mode.  What I love about these things we write in this forum is the passion, the
clarity, the immediacy, the risk we take to help each anonymous other beyond
the screen.  How can we convey to our students the beauty and playfulness and
flexibility of language?  I believe the capacity for language aquisition is
is hardwired into the human brain and that as teachers one of our roles is to
encourage our students to open themselves to the language in which they are
immersed (and to the curious, friendly people who speak it) and we do this by
accepting their writing as a gift and a process - to enjoy, expand, and

Date:         Sun, 14 Mar 1993
Subject:      gate of all evil

In Spain, a similar message is the subject of a couple of proverbs:
En boca cerrada no entran moscas.  (lit.: into a closed mouth,
no flies will enter.)  &  Por la boca muere el pez.  (lit.: Through its
mouth the fish dies.)
It is not perhaps so existential as the mouth being th gate of all
evil, but it is pretty close.
Betsy Rodriguez-Bachiller

Date:         Fri, 1 Oct 1993
From:         Priscilla Kanet 
Subject:      the nail that sticks up

Does anyone know another proverb somewhat equivalent to the nail that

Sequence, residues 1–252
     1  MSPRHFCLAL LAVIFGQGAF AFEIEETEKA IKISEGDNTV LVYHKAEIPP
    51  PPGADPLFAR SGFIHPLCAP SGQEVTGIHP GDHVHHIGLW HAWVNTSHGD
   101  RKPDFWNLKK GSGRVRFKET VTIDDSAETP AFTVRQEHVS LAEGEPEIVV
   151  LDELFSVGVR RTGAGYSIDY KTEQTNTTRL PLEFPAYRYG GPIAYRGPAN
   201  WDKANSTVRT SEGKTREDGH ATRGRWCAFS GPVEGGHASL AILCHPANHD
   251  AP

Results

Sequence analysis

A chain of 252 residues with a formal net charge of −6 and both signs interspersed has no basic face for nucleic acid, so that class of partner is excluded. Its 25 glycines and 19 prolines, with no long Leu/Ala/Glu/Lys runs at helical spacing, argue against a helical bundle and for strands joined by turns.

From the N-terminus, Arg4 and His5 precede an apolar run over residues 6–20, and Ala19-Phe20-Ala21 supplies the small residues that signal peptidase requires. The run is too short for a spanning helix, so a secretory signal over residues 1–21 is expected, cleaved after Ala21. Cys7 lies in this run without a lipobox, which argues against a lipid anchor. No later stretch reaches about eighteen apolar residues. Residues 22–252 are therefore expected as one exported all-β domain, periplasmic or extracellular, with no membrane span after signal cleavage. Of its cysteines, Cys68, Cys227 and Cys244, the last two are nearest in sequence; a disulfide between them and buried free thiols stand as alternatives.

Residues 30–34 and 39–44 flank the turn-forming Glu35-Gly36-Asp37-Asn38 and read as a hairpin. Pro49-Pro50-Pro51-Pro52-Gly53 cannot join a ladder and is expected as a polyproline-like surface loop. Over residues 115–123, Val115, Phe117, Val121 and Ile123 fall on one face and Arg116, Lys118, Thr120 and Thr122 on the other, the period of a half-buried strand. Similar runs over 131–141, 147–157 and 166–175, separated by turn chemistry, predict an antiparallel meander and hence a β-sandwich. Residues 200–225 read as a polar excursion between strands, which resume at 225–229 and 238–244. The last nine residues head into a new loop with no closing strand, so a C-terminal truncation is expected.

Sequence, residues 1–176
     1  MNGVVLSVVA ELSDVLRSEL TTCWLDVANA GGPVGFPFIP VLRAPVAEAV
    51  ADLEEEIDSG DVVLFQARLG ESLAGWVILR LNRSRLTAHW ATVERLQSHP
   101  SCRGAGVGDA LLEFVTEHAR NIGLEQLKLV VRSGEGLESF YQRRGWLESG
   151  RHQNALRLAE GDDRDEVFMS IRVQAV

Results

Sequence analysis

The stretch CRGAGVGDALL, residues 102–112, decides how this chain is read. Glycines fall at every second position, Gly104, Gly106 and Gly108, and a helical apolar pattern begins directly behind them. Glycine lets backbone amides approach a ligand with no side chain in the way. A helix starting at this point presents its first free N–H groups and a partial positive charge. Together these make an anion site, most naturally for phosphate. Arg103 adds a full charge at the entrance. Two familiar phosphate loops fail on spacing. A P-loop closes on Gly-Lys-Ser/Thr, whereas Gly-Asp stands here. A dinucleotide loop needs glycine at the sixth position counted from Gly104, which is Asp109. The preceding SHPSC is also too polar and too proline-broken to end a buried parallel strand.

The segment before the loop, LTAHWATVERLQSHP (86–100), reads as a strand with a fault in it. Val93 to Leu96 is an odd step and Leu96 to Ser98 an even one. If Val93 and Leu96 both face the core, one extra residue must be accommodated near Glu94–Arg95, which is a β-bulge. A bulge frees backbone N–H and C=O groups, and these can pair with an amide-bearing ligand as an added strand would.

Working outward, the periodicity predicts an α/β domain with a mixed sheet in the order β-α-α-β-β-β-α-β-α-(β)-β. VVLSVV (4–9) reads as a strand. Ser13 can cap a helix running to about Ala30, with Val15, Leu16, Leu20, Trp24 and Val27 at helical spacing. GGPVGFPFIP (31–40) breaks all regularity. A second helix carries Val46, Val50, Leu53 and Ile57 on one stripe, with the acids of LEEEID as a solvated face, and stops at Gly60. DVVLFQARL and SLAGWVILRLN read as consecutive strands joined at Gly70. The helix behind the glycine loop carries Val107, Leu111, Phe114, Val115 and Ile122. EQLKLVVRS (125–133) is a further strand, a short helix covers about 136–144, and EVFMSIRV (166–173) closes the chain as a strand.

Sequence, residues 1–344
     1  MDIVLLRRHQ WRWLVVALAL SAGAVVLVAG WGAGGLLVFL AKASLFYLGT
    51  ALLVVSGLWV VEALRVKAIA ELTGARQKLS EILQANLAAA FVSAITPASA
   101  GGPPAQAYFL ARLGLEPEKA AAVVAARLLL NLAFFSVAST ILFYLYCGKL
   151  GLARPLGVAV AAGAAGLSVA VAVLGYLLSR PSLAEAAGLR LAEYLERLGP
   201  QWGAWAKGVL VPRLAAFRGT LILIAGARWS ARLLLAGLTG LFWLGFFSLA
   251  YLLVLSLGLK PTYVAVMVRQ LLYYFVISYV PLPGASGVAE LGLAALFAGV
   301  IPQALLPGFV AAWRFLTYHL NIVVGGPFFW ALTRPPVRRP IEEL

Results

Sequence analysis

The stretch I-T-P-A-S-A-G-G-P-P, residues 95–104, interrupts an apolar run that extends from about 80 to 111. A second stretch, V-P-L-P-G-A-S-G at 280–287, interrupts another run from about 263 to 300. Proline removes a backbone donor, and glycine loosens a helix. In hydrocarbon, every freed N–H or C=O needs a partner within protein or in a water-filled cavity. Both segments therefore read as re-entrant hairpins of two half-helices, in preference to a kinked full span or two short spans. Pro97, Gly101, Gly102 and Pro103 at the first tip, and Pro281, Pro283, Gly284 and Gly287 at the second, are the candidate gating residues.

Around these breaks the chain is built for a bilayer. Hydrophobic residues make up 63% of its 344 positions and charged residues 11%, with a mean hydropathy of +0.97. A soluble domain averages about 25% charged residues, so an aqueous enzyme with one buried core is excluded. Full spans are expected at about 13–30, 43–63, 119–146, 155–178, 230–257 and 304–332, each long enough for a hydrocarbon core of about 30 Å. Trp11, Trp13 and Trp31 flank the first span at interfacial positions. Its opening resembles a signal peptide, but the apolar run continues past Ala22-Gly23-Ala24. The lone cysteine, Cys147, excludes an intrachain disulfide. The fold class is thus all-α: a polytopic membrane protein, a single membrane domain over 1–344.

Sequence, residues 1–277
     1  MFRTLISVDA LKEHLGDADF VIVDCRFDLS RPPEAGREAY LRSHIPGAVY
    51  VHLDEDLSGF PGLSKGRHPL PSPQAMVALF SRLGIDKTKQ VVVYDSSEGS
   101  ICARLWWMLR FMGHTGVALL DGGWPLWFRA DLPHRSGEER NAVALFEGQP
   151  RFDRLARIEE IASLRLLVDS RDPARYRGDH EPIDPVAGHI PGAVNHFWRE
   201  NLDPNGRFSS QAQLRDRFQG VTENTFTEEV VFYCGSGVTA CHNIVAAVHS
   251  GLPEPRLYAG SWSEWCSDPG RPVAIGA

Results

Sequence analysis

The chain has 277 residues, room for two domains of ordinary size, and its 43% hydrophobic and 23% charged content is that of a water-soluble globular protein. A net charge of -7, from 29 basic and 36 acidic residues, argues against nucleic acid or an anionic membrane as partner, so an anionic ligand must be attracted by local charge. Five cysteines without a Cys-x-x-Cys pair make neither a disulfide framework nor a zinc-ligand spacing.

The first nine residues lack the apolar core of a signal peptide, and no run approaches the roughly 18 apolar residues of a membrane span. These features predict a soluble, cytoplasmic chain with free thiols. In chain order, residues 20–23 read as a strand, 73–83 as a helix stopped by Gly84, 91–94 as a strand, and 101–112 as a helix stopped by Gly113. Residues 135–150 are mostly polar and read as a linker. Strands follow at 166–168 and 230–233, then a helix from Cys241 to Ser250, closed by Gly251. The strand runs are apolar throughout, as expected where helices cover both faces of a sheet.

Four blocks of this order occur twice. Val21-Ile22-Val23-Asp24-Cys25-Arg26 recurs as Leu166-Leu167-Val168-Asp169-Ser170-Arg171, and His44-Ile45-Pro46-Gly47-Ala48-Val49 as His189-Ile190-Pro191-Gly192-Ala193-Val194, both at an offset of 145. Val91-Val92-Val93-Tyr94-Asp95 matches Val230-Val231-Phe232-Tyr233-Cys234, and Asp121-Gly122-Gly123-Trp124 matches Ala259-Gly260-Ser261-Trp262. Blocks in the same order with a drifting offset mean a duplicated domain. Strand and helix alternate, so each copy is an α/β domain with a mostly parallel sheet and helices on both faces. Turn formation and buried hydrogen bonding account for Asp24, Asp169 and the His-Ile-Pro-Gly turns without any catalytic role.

sticks up gets hammered down? A Japanese one of course.  Also, adding to
my prior school info quest, I am very interested in the role of harmony
in Japan in general and specifically what role it plays in education.
Thanks again. Priscilla 

Date:         Sat, 2 Oct 1993
From:         Eileen Prince 
Subject:      another proverb

Priscilla Kanet asks for a proverb equivalent to the Japanese one about
the nail that sticks up getting hit.

I don't know any equivalents in English.  The one I always contrast it
with is
                The squeaky wheel gets the grease.


Eileen Prince
Date:         Wed, 6 Oct 1993
From:         Diana@TMU1.MCREST.EDU
Subject:      Re: the nail that sticks up

Here are a few my Japanese students gave me:

"Out of temper, out of money."
"The sun seeth all things and discovereth all things."
"Never trust the advice of a man in difficulty."

Diana Alm

Date:         Thu, 7 Oct 1993 11:54:00 -0400
From:         Ian Palmer 

One Japanese proverb that fascinated me was:

"If the father is a frog, the son will be a frog."

Date:         Thu, 26 May 94 10:16:16 EDT
From:         Robin Longshaw 

I am very fond of using proverbs in my classes, too. Here are some of my favori
tes, mostly learned from my mother and grandmother (yes, it's true that we end
up turning into them...)

A fool and his money are soon parted.
A nod's as good as a wink to a blind man. (e.g., it doesn't make any difference
 what you do -- they don't know!)
Every cloud has a sliver lining.
As you sow, so you shall reap.

If any more come to mind, I'll pass them along. An interesting note about those
 above -- I know that they all have comparable proverbs in Castillian Spanish,
as I discovered when I lived there. As they say in Spanish, "Mujer refranera, m
ujer pun^etera!" (Roughly translated this means that a woman who uses proverbs will give you a really hard time!